King vs. Jane Warwickshall, 1783
The exhausted, the isolated, the ignorant, the emotionally weak, and the frightened give false confessions. Dr. Mark Blagrove, a researcher and senior psychology lecturer at the University of Wales, states in a BBC news interview in October 2000, that sleep deprived individuals can be coached into giving affirmative answers to questions to which they could not possibly know the answers. Depriving individuals of sleep has for centuries been used by interrogators to elicit or coerce confessions – false or true. While the physical beatings may have disappeared, psychological coercion, a far more effective method, has proven a menacing and therefore worthy replacement.
The detectives interrogating the five youths accused of raping the victim in the Central Park jogger case, through the use of isolation, intimidation, threats and psychological coercion and manipulation, got not one youth, but all five youths to confess to the crime. The detectives likely congratulated themselves on their cleverness and refusal to take “no” for an answer. Unfortunately for these five youths, the victim, the detectives, and society as a whole, none of the five boys were involved in the rape. Not one. That the confessions were contradicted by the forensic evidence apparently, bothered the detectives and the prosecutors not at all. Meanwhile, the real culprit, Matias Reyes, remained at large and a threat to the city’s women. It was not until 13 years later, when irrefutable DNA evidence connected Reyes to the crime, that the prosecutors finally admitted the awful truth – that the boys had been coerced into confessing to a crime that they did not commit.
There is a wealth of information on false confessions in your local law library (usually located in the county’s main courthouse). Here is a list of suggested reading if you are interested in learning more about false confessions or the implantation of false memories:
Blagrove, M. (1996). Effects of length of sleep deprivation on interrogative suggestibility. Journal of Experimental Psychology: Applied, 2(1), 48-59.
Clancy, S. A., Schacter, D. L., McNally, R. J., & Pitman, R. K. (2000). False recognition in women reporting recovered memories of sexual abuse. Psychological Science, 11(1), 26-31.
Deese, J. (1959). On the prediction of occurrence of particular verbal intrusions in immediate recall. Journal of Experimental Psychology, 58(1), 17-22.
Garry, M., Manning, C. G., Loftus, E. F., & Sherman, S. J. (1996). Imagination inflation: imagining a childhood event inflates confidence that it occurred. Psychonomic Bulletin & Review, 3(2), 208-214.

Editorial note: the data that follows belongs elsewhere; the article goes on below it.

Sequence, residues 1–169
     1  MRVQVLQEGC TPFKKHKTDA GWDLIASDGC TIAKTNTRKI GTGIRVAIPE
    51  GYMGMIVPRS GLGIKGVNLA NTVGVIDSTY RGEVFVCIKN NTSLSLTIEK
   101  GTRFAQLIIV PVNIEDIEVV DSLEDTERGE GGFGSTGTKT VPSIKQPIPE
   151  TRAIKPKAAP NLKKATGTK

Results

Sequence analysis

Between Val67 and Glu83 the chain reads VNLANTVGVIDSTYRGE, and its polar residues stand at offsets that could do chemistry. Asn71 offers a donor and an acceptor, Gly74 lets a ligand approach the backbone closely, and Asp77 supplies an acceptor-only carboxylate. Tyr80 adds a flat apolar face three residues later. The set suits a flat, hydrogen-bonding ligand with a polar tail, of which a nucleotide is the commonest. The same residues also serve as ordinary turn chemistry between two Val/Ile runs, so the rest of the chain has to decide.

Garry, M., & Polascheck, D. L. L. (2000). Imagination and memory. Current Directions in Psychological Science, 9(1), 6-10.
Gudjonsson, G. H. (2003). The psychology of interrogations and confessions: A handbook: New York, NY, US: John Wiley and Sons Ltd.(2003). xviii, 684 pp.
Heaps, C., & Nash, M. (1999). Individual differences in imagination inflation. Psychonomic Bulletin and Review, 6(2), 313-318.
Horselenberg, R., Merckelbach, H., & Josephs, S. (2003). Individual differences and false confessions: a conceptual replication of Kassin and Kiechel (1996). Psychology, Crime & Law, 9, 1-8.
Horselenberg, R., Merckelbach, H., Muris, P., Rassin, E., Sijsenaar, M., & Spaan, V. (2000). Imagining fictitious childhood events: the role of individual differences in imagination inflation. Clinical Psychology and Psychotherapy, 7, 128-137.
Kassin, S. M. (1997). The psychology of confession evidence. American Psychologist, 52(3), 221-233.
Kassin, S. M., & Kiechel, K. L. (1996). The social psychology of false confessions: compliance, internalization, and confabulation. Psychological Science, 7(3), 125-128.
Mazzoni, G. A. L., Loftus, E. F., & Kirsch, I. (2001). Changing beliefs about implausible autobiographical events: A little plausibility goes a long way. Journal of Experimental Psychology: Applied, 7(1), 51-59.
McDermott, K. B. (1996). The persistence of false memories in list recall. Journal of Memory and Language, 35, 212-230.
McDermott, K. B., & Roediger, H. L., III. (1998). Attempting to avoid illusory memories: robust false recognition of associates persists under conditions of explicit warnings and immediate testing. Journal of Memory and Language, 39, 508-520.
Payne, J. D., Nadel, L., Allen, J. B., Thomas, K. G. F., & Jacobs, W. J. (2002). The effects of experimentally induced stress on false recognition. Memory, 10, 1-6.
Roediger, H. L., III, & McDermott, K. B. (1995). Creating false memories: remembering words not presented in lists. Journal of Experimental Psychology: Learning, Memory, and Cognition, 21(4), 803-814.